The T & S’ problems didn’t end there as the upper Thames was in a poorly maintained state, sometimes impassable at summer low water.  The Thames Conservancy was finally formed and improved the river with locks and weirs, but this was not until late in the 19th Century when railways had already sounded the death knell for canals.

One of the distinctive features of the T & S are the five round houses.  These were built as lengthsman cottages to control the shipping and manage routine maintenance. The roundhouses are at the wharves at Chalford, Coates, Cerney Wick, Marston Meysey and Inglesham. Coates is the only unoccupied one and is half a mile east of the Coates tunnel entrance.

Cerney Wick Lock 1904


The Stroudwater was always the more successful of the two canals as it had a steady trade in supplying the needs of the industries in the Golden Valley, especially coal for the insatiable appetite of the Mill engines.  It also charged higher fees which annoyed the management of the T & S as it possibly hindered trade destined to go on further.  The T & S was less successful, the western end did well in the Golden Valley and trade eastwards was always more successful than the westward trade.  This imbalance caused carriers economic difficulties as return trips from London often had small, uneconomic loads.  It is difficult to picture what trade the proprietors thought would come from the rural wharves at the eastern end.  It had a small population and relied on agricultural trade.

The heyday of the canal was between 1800 and 1850.  After this trade declined as the railways offered a faster and more reliable service.  Ironically, some of the most profitable years were when the canal was carrying material to build the railways which runs alongside it through the Golden Valley.  The summit section of the canal always suffered from a shortage of water which led to closures and reduced loads in the boats because it was so shallow.  The canal continued to have problems and there were several proposals to turn it into a railway.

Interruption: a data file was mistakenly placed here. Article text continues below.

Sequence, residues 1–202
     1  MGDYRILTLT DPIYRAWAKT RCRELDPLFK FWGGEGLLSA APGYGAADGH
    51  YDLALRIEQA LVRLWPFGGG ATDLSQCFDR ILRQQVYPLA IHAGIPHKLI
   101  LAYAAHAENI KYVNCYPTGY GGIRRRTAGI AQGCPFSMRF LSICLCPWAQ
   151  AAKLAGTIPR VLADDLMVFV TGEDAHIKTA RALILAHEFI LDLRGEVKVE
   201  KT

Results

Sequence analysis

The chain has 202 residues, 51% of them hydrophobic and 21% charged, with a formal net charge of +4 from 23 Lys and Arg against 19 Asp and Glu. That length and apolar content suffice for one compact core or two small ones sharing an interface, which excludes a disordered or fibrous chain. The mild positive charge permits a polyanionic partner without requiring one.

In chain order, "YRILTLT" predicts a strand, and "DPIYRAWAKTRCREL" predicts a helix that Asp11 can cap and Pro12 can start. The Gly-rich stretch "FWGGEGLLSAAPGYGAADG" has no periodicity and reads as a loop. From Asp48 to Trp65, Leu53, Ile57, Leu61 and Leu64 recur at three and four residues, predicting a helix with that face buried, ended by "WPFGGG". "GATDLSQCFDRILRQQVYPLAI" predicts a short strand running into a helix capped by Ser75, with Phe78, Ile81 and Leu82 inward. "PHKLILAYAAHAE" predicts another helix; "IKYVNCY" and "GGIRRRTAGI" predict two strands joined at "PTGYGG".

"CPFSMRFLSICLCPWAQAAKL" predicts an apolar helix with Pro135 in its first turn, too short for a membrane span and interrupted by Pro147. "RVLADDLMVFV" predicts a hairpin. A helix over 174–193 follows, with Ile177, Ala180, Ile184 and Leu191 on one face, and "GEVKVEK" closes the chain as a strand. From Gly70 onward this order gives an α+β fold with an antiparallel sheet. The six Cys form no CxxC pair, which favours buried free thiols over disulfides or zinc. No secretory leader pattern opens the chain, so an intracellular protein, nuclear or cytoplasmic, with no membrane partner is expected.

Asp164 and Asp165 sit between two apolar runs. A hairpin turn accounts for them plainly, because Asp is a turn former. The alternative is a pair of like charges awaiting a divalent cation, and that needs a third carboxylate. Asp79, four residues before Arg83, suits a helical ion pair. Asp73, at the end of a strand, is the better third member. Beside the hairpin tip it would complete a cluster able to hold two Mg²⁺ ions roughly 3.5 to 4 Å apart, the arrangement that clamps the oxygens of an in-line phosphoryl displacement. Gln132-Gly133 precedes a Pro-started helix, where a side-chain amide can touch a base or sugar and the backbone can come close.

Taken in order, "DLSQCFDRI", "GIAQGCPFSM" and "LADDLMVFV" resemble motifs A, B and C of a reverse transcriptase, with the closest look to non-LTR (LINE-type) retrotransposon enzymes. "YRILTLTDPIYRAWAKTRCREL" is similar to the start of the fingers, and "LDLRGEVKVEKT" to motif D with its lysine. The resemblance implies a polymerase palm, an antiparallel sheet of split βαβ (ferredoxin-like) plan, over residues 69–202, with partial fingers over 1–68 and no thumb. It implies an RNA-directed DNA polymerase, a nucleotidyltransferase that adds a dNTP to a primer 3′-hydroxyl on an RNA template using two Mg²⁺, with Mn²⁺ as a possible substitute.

Competition from the railways had been growing since the 1850s, and at the end of 1893, a notice was issued closing the canal east of Chalford until further notice.  Despite many protests the canal remained closed.  An attempt to refurbish it and keep it running led to the formation of the ‘Thames and Severn Canal Trust’ which took over the canal.  The Trust was formed in 1885 by six other canal companies and five local authorities who re-opened the canal throughout its length in March 1899.  This achievement was short-lived however, as leakage on the summit caused the canal to close once again in June of that year.  Soon after, the Trust ran out of money.  

The last serious attempt at keeping it going was when Gloucester County Council took it on in January 1900.  They continued to put money into the T & S during the early 1900s.  The length of canal from Cirencester to the River Thames was re-opened in July 1902, from Stroud to Daneway in April 1903, and the summit pound in January 1904.  The first vessel over the re-opened summit was the ‘Staunch’ in March 1904. 

The restored canal was still not completely reliable and was closed for at least twelve weeks of each year in 1905, 1906 and 1908 for repairs to the summit.  The last boat to pass over the summit was in May 1911.  They found it too much of a financial strain and the canal slipped into a steady decline.  The vicious cycle of poor maintenance and falling trade, combined with a reluctance to support it from the rates, made closure inevitable.  Closure notices for the eastern section, including the summit, were issued in 1927 and for the remainder of the canal in 1933.  The Stroudwater part of the Golden Valley lasted longer with a steady trade in coal from the Forest of Dean servicing the mills and the domestic market.  Eventually this declined and in 1954, the Stroudwater was also abandoned by an Act of Parliament.

 Following abandonment, Gloucestershire County Council sold much of the T & S east of Chalford to the riparian landowners.  The Sapperton Tunnel suffered roof collapses in two places and sections of the canal were filled in and returned to agricultural use or had factory buildings erected over them.  In the 1960s road improvements at Capels Mill (by Waitrose) saw the bed of the canal turned into Dr Newton’s Way, a bypass round the town centre.